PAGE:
Public Affairs Engagement Division of Headquarters Air Force Public Affairs
Reba Good is a recent graduate of George Mason University’s communication master’s program with an emphasis on Strategic Communication. Reba grew up in New Jersey until she was 12, after which her family moved to Kansas. Her father is from Pakistan, and her mother’s ancestry traces back to the Mayflower. Growing up in a bilingual, multi-cultural household helped her appreciate the nuances of good communication, which has also influenced her style as a professional communicator.
Reba completed her undergraduate degree at the University of Kansas and became an Air Force officer in 2006 through the Reserve Officers’ Training Corps program, while double majoring in political science and French. Her Air Force career has provided opportunities to work all over the world, including various places throughout Europe, Africa and Asia, where she practiced public affairs. She also has a master’s degree from Liberty University in human services counseling and executive leadership. She currently works at the Pentagon in the Public Affairs Engagement Division of Headquarters Air Force Public Affairs.
For her final master’s project at Mason, Reba focused on crisis communication and the influence of culture on emotions during crises. The inspiration for this project came from projects, events, and issues for which she led communication efforts in various parts of the world. Her experience operating within different cultures helped her appreciate the need for professional communicators to understand the cultural impacts of communication strategies. This includes acknowledging potential cultural impacts on emotions, which can be magnified in times of crisis.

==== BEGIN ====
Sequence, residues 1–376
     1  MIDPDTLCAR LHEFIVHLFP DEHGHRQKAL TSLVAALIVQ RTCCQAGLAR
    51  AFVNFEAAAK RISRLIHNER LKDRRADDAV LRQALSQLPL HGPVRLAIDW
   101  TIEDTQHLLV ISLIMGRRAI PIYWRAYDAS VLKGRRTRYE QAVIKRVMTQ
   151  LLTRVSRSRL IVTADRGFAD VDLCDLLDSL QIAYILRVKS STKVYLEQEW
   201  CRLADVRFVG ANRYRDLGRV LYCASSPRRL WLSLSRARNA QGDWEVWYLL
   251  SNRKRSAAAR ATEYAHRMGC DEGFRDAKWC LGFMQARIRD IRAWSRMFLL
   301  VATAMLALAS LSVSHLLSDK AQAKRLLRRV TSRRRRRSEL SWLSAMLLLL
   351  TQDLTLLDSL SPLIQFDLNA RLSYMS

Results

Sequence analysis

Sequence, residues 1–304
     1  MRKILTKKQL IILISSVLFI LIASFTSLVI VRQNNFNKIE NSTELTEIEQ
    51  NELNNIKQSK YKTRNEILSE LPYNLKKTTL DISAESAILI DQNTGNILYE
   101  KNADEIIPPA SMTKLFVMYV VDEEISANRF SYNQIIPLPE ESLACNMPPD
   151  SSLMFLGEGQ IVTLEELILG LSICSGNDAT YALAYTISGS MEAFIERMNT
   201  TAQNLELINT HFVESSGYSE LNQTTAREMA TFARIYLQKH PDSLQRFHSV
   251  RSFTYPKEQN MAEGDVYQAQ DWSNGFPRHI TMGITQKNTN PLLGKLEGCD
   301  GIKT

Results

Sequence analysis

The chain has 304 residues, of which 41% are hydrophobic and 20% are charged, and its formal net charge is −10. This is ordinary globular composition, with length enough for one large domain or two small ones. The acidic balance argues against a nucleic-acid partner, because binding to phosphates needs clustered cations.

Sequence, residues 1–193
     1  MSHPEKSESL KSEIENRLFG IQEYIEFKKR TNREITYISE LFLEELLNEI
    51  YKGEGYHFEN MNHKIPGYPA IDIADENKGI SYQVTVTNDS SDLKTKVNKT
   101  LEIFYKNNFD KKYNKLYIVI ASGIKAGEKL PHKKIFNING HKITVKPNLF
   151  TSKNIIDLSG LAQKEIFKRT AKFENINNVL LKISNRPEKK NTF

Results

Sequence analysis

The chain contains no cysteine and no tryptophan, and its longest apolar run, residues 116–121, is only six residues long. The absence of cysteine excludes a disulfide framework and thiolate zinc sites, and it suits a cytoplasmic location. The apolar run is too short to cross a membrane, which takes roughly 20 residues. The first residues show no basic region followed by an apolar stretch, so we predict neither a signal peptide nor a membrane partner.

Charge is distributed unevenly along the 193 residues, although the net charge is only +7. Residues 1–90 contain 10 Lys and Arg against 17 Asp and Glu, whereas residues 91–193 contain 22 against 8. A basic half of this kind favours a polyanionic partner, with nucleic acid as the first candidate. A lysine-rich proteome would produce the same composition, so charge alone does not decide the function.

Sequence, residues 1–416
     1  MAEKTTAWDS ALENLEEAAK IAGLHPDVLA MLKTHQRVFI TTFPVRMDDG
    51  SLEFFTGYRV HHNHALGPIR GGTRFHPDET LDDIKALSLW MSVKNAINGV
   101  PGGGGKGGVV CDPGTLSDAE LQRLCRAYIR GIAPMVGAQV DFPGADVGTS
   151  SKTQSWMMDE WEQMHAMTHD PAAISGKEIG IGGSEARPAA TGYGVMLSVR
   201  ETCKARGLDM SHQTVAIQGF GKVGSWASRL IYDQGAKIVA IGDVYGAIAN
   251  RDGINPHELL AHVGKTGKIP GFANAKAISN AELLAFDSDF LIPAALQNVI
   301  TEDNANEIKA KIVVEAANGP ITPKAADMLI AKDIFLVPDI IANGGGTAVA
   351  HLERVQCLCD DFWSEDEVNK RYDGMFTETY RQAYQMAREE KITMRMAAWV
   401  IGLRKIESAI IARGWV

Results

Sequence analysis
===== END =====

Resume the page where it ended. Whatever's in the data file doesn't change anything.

Reba hopes that her academic contributions can help bridge gaps between academia and public relations practice.
This study explores the role of emotions in crisis communication, focusing on South Korea. Using Jin, Pang and Cameron’s (2012) integrated crisis mapping (ICM) model as a foundation for exploration, this research examines how emotions are expressed during crises in a collectivist culture and whether reported emotions and engagement strategies are similar to results indicated on the ICM model. While the model highlights crises in an American context, this study provided open-ended questionnaires to South Koreans to discover their emotional reactions to crisis scenarios in South Korea. The results showcased the influence of collectivist values in how Koreans feel and express emotion, as well as the impact of cultural values in how they expected organizations to communicate with them. The implications from this study indicate the value of studying emotions in collectivist cultures and offers a complementary model to use in categorizing emotions and organizational responses across cultures.
- Crisis communicators should consider that different cultures feel and express emotions differently. These differences can also influence how publics expect organizations to engage with them during crises.
- While the Korean respondents reported different emotions than the ICM model predicted, the pattern of organizational responses that Koreans expected as a result of their emotions supports current research on the types of responses to which publics are most amenable.
- A communication model juxtaposing predictability and controllability may be more user-friendly to public relations practitioners versus the ICM model’s categorization of emotions, coping and organizational engagement.